Five Development Projects in the Dominican Republic
The Dominican Republic has many ongoing development projects occurring throughout the country. Some projects are government-funded, while others are funded by nonprofits or international organizations, like the World Bank. In a country with 10.2 million people, there are still many living in poverty and many who are underprivileged. The tourist economy does a lot to benefit the nation, but more needs to be done to meet the needs of the people. Here are five development projects in the Dominican Republic that aim to help the people of the country.
The World Bank’s Dominican Republic Youth Development Program
The stated goal of the program is to “[improve] the employability of poor, at-risk youth by building their work experience and life skills and expanding second chance education programs to complete their formal education.” The program aims to improve job opportunities, access to education and social protections.
Through participating in the project, youth learn basic workforce skills and attain an education. The program has been fairly successful as it has met most of the intermediate result indicators. Thus far, not all the goals have been met: one goal is that 70 percent of students obtain a new degree, but so far only 63 percent have. However, the initial results indicate that the program has had a positive impact on youth and has taken a significant step forward to bolstering the job force in the Dominican Republic.
The Peace Corps’ Education Program
The Peace Corps has been working on improving Spanish among children in the Dominican Republic. This program has led to the collaboration between teachers and Peace Corps volunteers to help students succeed. Specifically, the project aims to address Spanish literacy, with a primary goal to involve the community so that students can learn to read and write in their language.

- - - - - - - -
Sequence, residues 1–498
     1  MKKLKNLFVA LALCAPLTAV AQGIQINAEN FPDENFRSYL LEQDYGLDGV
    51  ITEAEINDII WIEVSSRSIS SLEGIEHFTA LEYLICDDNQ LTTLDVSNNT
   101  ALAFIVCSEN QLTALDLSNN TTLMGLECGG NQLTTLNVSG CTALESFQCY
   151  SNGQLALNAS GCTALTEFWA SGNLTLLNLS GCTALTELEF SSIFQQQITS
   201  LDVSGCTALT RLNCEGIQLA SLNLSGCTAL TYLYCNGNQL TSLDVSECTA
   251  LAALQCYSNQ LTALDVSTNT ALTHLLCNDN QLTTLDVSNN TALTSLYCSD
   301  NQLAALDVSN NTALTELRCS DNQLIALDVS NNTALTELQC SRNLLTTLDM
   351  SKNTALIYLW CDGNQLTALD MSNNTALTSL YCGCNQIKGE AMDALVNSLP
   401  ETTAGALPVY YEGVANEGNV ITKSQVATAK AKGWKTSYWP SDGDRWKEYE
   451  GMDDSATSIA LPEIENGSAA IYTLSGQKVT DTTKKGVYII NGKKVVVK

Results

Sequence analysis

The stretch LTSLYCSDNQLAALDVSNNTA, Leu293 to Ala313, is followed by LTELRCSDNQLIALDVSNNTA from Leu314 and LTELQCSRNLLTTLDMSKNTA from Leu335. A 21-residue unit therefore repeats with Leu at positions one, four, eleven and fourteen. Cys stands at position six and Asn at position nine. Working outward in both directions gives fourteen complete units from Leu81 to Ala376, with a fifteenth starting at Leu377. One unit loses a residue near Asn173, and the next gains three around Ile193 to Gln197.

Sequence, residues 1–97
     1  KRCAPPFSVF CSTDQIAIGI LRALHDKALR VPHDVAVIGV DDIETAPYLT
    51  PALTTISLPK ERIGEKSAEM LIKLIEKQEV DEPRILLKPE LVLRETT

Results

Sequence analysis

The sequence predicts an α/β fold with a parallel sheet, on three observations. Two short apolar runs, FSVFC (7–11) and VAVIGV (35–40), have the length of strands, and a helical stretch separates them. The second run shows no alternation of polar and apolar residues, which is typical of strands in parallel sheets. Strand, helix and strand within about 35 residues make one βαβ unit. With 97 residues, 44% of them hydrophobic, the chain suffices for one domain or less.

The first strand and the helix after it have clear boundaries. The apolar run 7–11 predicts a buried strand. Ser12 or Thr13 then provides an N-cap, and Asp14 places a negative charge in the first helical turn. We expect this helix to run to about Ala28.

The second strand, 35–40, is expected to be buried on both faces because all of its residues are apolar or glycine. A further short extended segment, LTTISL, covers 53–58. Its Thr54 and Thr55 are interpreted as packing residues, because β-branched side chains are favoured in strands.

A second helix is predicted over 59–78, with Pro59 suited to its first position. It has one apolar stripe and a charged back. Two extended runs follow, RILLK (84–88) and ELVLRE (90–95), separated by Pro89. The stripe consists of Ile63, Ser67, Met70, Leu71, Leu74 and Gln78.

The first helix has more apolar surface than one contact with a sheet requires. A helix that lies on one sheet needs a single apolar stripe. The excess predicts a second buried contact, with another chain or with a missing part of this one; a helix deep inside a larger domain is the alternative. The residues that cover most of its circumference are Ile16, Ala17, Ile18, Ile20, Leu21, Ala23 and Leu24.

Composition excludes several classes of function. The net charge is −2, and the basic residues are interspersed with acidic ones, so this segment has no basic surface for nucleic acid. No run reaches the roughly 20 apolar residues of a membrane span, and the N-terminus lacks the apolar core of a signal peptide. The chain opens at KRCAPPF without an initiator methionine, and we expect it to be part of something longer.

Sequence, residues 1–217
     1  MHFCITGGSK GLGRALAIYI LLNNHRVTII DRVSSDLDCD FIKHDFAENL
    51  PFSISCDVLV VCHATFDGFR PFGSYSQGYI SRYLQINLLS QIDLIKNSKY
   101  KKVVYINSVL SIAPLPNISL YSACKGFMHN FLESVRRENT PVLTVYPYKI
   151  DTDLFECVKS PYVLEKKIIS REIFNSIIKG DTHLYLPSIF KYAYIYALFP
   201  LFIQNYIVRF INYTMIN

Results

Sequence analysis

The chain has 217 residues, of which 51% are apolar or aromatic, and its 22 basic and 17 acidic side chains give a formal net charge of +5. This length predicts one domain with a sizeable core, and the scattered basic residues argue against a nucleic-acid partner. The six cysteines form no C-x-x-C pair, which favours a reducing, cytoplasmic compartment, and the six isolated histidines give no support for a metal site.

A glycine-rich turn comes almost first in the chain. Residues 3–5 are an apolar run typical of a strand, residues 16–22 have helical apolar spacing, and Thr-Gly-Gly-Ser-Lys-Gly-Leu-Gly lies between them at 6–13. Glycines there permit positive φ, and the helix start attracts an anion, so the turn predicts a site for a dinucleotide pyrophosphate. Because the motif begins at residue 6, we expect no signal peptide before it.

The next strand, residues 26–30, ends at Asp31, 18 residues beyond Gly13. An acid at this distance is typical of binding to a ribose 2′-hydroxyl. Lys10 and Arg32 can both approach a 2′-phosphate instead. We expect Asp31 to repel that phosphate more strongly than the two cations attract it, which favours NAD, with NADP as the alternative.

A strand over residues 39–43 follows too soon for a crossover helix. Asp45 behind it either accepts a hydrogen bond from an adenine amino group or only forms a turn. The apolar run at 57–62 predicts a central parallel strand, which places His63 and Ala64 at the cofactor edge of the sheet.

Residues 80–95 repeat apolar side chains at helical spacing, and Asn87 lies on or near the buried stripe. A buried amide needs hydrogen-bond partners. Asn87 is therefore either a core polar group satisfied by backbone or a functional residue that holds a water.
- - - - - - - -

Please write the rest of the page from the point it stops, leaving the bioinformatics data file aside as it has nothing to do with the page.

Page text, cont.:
The DREAM Project
The DREAM Project was founded in order to make up for the lack of resources in schools of the Dominican Republic. Their programs consist of working with children in early childhood education and primary school education, as well as contributing to a holistic youth development. They also have summer camps and vocational training. According to the DREAM Project’s website, the organization “provides more than 800,000 hours of quality education to more than 7,500 children through 14 different programs across 27 communities in the Dominican Republic.”
USAID’s Dominican Republic Sustainable Tourism Alliance
Although the Dominican Republic has a large tourism industry, the industry has had negative impacts on the local community and environment of the island. In order to combat poverty and environmental issues, USAID created the Dominican Republic Sustainable Tourism Alliance (DSTA) to develop a more sustainable tourism industry.
The DSTA works to improve environmental management capabilities as well as stimulating tourism efforts through sustainable operations and the development of marketing and sales strategies. The “all-inclusive” model that the tourism industry currently has is changing quickly under this development project.
Project HOPE works to combat the high maternal and infant mortality rates in the Dominican Republic. The organization just opened its third maternal child health clinic in 2017. The organization regularly works with the Dominican Association of the Order of Malta to train workers to care for mothers and children.
Thousands of women and children have been positively affected by the care provided by the organization and its partners. In addition to its work with maternal mortality, the organization has worked on village health bank programs and provided HIV/AIDS education and counseling.
Many organizations are concerned with developing job opportunities for the citizens of the Dominican Republic. They aim to bolster the economy and train a future working class. These five development projects in the Dominican Republic operate across several sectors to help the nation achieve long-lasting self-sufficiency and prosperity.
– Emilia Beuger